Immobilization of Antioxidant Enzyme Catalase on Porous Hybrid Microparticles of Vaterite with Mucin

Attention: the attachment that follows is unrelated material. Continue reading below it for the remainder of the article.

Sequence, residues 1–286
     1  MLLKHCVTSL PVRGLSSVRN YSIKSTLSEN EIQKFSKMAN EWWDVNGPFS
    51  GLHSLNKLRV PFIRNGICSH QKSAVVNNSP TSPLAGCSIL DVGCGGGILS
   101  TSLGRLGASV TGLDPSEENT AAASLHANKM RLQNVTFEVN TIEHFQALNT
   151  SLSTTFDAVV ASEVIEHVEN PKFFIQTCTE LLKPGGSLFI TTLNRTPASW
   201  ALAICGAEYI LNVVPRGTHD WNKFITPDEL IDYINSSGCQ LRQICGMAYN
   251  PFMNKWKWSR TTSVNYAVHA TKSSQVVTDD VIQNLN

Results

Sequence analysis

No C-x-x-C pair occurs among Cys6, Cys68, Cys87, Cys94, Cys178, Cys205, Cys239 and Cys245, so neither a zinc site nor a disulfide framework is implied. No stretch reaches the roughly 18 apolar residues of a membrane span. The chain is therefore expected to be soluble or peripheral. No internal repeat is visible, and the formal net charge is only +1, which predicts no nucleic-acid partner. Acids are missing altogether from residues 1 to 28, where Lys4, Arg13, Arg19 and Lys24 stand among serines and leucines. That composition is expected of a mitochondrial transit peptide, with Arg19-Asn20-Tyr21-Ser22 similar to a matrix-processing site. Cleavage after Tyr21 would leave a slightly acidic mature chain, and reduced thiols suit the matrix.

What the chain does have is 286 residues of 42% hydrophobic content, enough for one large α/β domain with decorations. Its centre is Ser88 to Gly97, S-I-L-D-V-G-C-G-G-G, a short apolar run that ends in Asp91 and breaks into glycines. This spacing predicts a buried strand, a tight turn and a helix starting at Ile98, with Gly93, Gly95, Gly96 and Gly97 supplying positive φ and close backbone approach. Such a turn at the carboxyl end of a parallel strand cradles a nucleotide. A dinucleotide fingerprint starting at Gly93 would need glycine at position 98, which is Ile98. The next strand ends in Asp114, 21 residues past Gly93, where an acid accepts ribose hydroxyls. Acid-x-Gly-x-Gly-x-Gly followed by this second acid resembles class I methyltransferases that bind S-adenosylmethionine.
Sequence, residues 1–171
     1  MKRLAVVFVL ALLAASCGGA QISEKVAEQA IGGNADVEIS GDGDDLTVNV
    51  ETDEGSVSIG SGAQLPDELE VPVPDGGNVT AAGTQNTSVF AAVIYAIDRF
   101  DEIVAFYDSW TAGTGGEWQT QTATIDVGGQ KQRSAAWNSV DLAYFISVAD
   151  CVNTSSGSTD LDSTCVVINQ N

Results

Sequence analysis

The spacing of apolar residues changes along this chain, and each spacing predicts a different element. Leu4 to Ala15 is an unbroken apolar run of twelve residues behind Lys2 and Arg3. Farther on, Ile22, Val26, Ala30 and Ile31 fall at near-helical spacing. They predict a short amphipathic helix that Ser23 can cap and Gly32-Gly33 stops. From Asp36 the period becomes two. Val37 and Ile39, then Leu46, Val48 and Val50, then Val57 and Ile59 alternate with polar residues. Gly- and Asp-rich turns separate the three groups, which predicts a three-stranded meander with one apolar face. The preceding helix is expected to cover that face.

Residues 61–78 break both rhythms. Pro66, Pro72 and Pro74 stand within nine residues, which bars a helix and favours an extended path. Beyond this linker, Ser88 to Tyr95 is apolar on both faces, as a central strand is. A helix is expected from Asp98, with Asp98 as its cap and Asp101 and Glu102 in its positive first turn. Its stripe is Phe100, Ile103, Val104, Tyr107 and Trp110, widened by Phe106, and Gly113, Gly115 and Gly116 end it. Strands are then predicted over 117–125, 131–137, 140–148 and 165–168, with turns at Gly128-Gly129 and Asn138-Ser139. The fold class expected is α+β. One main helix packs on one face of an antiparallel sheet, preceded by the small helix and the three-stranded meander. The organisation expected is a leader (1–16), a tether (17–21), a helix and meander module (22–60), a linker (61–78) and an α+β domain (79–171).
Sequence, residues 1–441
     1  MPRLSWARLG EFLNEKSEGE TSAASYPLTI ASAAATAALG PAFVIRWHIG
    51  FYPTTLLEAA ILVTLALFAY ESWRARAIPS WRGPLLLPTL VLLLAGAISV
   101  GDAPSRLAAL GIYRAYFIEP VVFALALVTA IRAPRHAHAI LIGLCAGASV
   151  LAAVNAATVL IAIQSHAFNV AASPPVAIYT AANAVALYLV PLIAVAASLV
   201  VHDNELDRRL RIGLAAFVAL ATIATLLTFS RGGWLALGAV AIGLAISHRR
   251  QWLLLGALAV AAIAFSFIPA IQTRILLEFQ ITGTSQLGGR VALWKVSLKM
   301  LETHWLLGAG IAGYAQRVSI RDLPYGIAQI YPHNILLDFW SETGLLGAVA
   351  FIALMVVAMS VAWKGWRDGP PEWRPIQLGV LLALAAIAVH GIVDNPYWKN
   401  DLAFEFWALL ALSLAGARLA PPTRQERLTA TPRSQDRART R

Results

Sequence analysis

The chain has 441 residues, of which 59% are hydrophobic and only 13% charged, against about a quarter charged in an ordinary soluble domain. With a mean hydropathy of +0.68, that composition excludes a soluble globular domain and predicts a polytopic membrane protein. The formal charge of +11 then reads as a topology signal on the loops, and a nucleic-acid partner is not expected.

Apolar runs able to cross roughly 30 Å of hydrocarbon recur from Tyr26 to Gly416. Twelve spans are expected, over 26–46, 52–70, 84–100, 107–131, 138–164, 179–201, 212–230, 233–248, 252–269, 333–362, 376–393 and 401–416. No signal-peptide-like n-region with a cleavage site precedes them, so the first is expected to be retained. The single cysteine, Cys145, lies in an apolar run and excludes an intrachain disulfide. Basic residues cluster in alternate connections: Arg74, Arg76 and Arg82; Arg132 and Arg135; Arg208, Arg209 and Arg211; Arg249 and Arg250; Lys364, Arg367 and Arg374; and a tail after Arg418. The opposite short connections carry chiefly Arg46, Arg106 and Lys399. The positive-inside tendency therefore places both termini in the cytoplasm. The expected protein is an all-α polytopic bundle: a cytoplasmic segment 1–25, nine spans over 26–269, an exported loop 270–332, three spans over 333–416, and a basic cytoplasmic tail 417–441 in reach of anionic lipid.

Catalase is one of the crucial antioxidant enzymes with diverse applications in textile, food industries, wastewater treatment, cosmetics, and pharmaceutics, which, however, is highly sensitive to environmental challenges. Resisting the loss of activity and prolongation of formulation storage can be achieved via the catalase entrapment into insoluble carriers. Affordable and degradable vaterite is proposed as amicable material for catalase immobilization. To improve the carrier properties of the vaterite, it was co‐precipitated with mucin from the pig's stomach producing ca 5 μm hybrid mucin/vaterite microparticles. Catalase is impregnated into the crystals by means of adsorption without chemical modifications. The presence of mucin matrix partially hinders catalase penetration into the crystals and reduces the adsorption capacity (for 0.1 mg mL−1 catalase, ca 2.3 vs ca 1.5 mg g−1 for pristine and hybrid microparticles, respectively) but significantly promotes the protection of antioxidant activity upon storage and under the action of temperature, organic solvent (acetonitrile), and proteolytic enzyme (trypsin). Hybrid microcrystals are pH‐sensitive and better retain the enzyme at pH 3–5 due to catalase‐mucin complexation. Immobilized catalase can be used for 5–6 consecutive cycles until it loses catalytic activity. Altogether, these findings indicate promises of hybrid mucin/vaterite microparticles for immobilization of antioxidant enzymes.